UnNews:Johnny "Pink" Floyd Dead at 60
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Johnny "Pink" Floyd Dead at 60
Every time you think, you weaken the nation —Moe Howard
Saturday, August 19, 2017, 03:57:UTC)(
12 July 2006
LONDON (Reuters) - Johnny Floyd, known to the rock star world as "Pinky Tuscadero," the troubled founding member of British-Hungarian dinosaur rock group Johnny Pink, has died at age 60 after living the life of a recluse for the last 67 years, give or take.
"The band was naturally very confused to learn of Pink's death, since they didn't know who he was," a spokesperson said in a statement on Tuesday. "We had to tell them that Pink was the guiding light of the early band line-up and leaves a legacy which continues to inspire, or something like that."
Floyd's bizarre on-stage antics in the late 1960s were linked to his experimentation with psychedelic drugs, including Brylcreem and monkey apeshit dust. He left the band in 1968, but wasn't noticed missing until 1974.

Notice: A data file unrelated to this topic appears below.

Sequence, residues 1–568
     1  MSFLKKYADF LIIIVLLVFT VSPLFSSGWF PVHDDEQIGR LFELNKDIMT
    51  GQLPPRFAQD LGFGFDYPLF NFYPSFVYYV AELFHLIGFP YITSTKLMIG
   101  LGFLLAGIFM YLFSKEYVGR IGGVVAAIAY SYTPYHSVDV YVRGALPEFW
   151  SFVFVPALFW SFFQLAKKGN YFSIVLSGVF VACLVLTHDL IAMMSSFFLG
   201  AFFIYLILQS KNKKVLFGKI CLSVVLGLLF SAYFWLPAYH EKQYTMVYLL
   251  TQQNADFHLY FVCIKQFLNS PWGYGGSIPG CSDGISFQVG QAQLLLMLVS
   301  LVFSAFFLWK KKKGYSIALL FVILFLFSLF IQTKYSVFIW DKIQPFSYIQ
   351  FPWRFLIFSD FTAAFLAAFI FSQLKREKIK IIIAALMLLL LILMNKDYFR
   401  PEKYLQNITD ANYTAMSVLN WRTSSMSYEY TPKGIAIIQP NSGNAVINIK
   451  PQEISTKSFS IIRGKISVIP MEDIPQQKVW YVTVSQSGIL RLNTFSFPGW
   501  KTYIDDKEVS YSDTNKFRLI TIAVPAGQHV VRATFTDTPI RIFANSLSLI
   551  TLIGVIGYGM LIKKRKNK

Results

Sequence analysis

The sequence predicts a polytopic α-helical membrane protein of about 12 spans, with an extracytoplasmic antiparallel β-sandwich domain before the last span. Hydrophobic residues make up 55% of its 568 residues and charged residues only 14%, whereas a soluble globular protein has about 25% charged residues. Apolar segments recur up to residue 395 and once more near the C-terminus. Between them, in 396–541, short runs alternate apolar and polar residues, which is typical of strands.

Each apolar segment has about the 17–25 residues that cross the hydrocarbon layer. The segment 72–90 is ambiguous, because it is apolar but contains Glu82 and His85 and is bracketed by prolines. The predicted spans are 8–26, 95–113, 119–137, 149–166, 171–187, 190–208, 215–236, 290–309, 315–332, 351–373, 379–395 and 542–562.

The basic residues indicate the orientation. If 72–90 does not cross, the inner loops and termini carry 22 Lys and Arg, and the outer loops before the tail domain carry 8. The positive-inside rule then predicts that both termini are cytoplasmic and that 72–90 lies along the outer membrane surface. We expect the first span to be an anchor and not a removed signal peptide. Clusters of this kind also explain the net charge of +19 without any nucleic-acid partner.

The singer, songwriter, guitarist and tamborinist, who wrote the bulk of Johnny Pink's earliest music, dating back to the year 1348, has been credited with helping shape its progressive sound and influencing other artists, including Wing Whipourwill and The Vuckers.
He wrote most of the songs on Johnny Pink's first album, "The Moon Reflecting in My Coffee," which was a hit in Britain and Albania, and also worked on "A Handful of Little, Dark Crunchy Things That May Be Either Crickets or Dried Blackberries," released in 1968.
Floyd issued his first solo album, "Leave Me Alone So I Can Finish This," in 1970, with backing from members of Bruce Springsteen's G-Spot Band and The Other Band, but his involvement in music had ended by the mid-1970s, and he had lived the life of a hermit ever since.
Johnny Pink's 1975 track "Grain is Hurting My Lunch," from the album "The Land Before We Drove to It," is widely believed to be a tribute to Floyd.